Canarians say that spring reigns on their home islands all year round. Due to favorable climatic conditions throughout the year – the air temperature fluctuates around +25 degrees, and the water temperature is 22-24 degrees, the Canary Islands are attractive for tourism all year round. Tourists are attracted to the islands by a calm beach holiday and beautiful landscapes. For lovers of outdoor activities, the Canary Islands are an ideal place. You can dive into the depths of the sea with scuba gear, go sailing on a board or view the islands of the archipelago on a yacht. The islands have a well-developed tourist infrastructure. Resorts are diverse: from expensive to luxurious. The local population is friendly, the level of service is quite high.
According to eshaoxing.info, the Canary Islands can be visited throughout the year; all year round there are all conditions for relaxing in seaside resorts and walking in the mountains. But the peak season starts from the end of July and ends at the beginning of October, and then a huge number of people come here at the end of February for the Carnival de Tenerife, which lasts until mid-March.
The official and spoken language is Spanish. The Canarians speak Castilian, but much softer and faster than the Spaniards on the mainland. In addition, the Canarian vocabulary is very rich in “canarisms”, which came mainly from the Guanche language, which sometimes creates additional difficulties in communication. But, as a rule, this is observed only in provincial small towns.
Geography in Canary Islands, Spain
The Canary Islands are located in the Atlantic Ocean, 1500 km southwest of the coast of the Iberian Peninsula and 100 km from the coast of Africa – at the latitude of Morocco and Western Sahara. There are 13 islands in the Canaries archipelago. In the center is the largest – the island of Tenerife (2057 sq. km). To the west there are three islands: Gomera (378 sq. km), Hierro (277 sq. km) and Palma (728 sq. km). To the east of Tenerife are the larger islands: Gran Canaria (1532 sq. km), Fuerteventura (1730 sq. km) and Lanzarote (795 sq. km). Between the islands of Fuerteventura and Lanzarote is the tiny island of Lobos, and north of Lanzarote are five very small islands: the island of Graciosa (the only one inhabited), the island of Alegranza, the island of Montaña Clara, the island of Roque del Oeste and the island of Roque del Este.
Located in an arc from the southwest to the northeast, stretching for more than 500 km, in clear weather, the archipelago is visible from the African mainland to the naked eye. Fuerteventura, the closest island to the mainland, is separated from Cape Yuba by a strait about 115 km wide. If you approach the Canaries from the ocean, you can see from afar, as a rule, the peak of Teide (3718 m) shrouded in clouds.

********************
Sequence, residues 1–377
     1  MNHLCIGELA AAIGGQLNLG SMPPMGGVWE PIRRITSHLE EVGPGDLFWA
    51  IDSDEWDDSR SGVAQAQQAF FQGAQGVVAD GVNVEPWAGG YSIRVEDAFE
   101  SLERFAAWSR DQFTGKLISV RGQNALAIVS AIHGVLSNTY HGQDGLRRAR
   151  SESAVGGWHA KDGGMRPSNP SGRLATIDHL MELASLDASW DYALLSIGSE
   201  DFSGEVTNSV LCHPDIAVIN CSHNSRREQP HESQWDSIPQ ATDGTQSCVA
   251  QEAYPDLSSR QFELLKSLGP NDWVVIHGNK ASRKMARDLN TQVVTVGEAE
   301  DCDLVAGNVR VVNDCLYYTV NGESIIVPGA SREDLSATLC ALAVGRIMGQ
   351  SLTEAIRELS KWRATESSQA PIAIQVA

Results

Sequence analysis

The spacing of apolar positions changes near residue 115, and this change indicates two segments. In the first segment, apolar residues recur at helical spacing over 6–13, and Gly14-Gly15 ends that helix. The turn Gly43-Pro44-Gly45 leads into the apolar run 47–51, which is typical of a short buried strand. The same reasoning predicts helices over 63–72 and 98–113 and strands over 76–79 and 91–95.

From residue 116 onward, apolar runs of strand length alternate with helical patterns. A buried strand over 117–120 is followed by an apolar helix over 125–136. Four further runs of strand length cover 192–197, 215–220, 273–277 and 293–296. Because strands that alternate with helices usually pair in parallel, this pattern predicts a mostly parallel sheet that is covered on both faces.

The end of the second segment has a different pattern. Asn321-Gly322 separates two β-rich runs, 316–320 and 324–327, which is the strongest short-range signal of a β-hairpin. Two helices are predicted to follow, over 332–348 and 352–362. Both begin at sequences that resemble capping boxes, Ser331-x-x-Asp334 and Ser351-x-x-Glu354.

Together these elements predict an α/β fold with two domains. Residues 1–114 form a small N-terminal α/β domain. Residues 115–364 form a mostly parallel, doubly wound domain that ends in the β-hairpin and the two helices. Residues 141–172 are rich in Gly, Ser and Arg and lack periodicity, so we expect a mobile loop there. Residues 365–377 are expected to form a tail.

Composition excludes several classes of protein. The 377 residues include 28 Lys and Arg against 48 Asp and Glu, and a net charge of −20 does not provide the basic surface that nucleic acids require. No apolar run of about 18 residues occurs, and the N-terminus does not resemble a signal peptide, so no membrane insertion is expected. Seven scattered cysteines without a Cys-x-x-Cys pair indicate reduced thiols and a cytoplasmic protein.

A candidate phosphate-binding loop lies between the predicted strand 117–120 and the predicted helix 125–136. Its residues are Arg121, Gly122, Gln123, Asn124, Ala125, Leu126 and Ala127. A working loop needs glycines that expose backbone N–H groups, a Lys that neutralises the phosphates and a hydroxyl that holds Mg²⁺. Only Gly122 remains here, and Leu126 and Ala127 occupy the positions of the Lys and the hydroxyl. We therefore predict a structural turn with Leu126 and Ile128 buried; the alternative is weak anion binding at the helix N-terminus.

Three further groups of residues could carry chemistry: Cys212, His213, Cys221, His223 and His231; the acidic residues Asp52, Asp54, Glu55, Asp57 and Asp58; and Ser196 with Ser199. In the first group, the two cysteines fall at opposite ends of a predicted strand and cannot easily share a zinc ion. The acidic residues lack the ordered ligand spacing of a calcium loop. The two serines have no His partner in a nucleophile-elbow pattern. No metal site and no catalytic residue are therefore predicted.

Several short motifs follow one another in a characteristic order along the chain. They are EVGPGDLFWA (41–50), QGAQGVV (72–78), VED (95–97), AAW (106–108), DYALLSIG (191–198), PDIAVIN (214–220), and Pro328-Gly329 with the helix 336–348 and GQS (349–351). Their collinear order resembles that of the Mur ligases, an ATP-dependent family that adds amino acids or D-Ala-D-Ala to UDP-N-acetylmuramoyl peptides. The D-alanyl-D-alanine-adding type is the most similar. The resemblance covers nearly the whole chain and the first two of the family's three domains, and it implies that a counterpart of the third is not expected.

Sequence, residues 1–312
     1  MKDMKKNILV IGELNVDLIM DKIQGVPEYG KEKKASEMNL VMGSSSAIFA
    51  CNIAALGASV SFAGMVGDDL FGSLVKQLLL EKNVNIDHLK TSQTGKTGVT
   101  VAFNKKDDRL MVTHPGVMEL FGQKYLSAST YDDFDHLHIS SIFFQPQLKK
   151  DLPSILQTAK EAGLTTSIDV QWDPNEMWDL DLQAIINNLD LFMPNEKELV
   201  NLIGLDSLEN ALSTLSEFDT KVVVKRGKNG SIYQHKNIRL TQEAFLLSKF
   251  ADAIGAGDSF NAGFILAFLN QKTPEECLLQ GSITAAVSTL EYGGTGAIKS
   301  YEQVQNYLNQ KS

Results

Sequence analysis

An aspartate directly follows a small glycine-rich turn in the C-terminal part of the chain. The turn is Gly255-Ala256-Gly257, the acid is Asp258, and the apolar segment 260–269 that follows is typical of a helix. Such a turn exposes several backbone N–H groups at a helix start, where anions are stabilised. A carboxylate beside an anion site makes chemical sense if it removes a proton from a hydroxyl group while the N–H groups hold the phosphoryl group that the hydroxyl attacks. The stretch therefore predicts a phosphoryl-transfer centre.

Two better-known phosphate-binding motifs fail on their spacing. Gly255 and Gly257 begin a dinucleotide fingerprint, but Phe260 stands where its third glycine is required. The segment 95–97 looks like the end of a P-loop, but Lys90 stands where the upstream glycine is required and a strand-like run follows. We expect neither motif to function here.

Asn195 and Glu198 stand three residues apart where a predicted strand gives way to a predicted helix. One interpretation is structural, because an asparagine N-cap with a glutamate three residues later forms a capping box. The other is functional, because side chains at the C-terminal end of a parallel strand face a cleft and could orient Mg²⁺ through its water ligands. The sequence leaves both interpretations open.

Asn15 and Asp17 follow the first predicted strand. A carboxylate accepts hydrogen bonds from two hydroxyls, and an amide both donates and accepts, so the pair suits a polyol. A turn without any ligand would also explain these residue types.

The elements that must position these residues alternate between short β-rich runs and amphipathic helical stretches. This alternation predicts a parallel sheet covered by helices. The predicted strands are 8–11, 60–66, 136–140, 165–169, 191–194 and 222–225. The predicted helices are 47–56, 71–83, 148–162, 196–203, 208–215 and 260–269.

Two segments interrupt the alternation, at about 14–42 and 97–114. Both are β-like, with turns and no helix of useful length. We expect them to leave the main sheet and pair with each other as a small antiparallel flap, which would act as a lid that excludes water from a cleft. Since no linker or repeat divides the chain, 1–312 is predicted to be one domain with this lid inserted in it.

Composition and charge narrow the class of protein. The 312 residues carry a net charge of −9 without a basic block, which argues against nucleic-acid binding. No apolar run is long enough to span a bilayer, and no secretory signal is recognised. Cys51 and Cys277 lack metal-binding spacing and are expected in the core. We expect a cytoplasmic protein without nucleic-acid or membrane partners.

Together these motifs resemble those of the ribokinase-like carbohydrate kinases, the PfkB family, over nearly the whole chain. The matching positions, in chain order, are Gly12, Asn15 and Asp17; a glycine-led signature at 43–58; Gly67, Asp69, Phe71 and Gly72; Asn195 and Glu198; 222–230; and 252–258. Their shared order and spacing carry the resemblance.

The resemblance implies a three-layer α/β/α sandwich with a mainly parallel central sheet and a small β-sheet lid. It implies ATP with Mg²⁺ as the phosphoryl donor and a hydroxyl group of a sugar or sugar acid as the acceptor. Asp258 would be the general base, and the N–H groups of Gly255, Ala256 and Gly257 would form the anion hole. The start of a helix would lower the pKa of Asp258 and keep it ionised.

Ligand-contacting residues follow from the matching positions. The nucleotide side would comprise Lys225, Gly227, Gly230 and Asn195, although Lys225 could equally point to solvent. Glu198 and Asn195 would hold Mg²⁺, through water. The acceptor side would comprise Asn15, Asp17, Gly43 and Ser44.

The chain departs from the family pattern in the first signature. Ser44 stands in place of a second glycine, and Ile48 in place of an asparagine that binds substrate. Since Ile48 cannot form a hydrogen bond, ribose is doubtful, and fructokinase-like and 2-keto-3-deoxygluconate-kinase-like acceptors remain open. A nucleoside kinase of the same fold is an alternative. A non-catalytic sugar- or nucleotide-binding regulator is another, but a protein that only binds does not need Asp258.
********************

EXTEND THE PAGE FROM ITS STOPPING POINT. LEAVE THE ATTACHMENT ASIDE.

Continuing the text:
It is believed that the islands of Fuerteventura and Lanzarote were formed about 20 million years ago as a result of powerful volcanic eruptions, then Gran Canaria appeared, then, about 12 million years ago, Tenerife and Gomera, and, about 3 million years ago, Palma and Hierro. Despite their common volcanic origin, the islands vary greatly in landscape, flora and fauna.
Climate in Canary Islands, Spain
The geographical position of the islands, the influence of the trade winds and the proximity of the so-called Canarian cold current led to a mild climate and a more moderate air temperature compared to the average annual temperature of these latitudes.
The climate of the Canaries, located at the latitude of the Tropic of Cancer, is considered one of the healthiest in the world. The climate of the archipelago is tropical trade winds, moderately hot and dry. Its softness and constancy defines the ocean. The islands are characterized by an extremely uniform temperature distribution. From May to November daytime temperatures range from +22 o C to +27 o C, and from December to April from +17 o C to +21 o C.
The water temperature is even more constant. It never drops below 20 degrees.
The uniqueness of the climate of the Canary Islands is explained by the fact that they are under the influence of the Azores high all year round, which means that they are in the area of high atmospheric pressure. This provides a large number of sunny days and little rainfall.
The amount of precipitation varies from island to island and depends on the geographical position of the island and the height of its relief. The eastern islands (Fuerteventura and Lanzarote), located closest to Africa, as well as the southern regions of Gran Canaria and Tenerife, are quite arid. In Tenerife, on average, there are seven rainy days in winter, 2-3 in spring and autumn (6-7 in October-November), in summer: in June and July, it usually does not rain, and in August there is no more than one rainy day. From the African coast, the Harmattan wind comes in waves to the islands of Fuerteventura and Lanzarote, which brings the heat and sand of the Sahara. The main wind prevailing on the islands is the trade wind, which blows for a total of six months and almost constantly in summer.
The climate of the archipelago is significantly influenced by the cold Canary Current, which runs along the islands from north to south. For Canarians, this is due to the need to use heating in winter and the opportunity to enjoy the coolness of the coast in summer. In January, snow lies on the mountain peaks of the island, which is not surprising at an altitude of 1800 m above sea level.
Best time to visit: The Canary Islands can be visited throughout the year, there are all the conditions for relaxing in seaside resorts and walking in the mountains all year round. But the peak season starts from the end of July and ends at the beginning of October, and then a huge number of people come here at the end of February for the Carnival de Tenerife, which lasts until mid-March.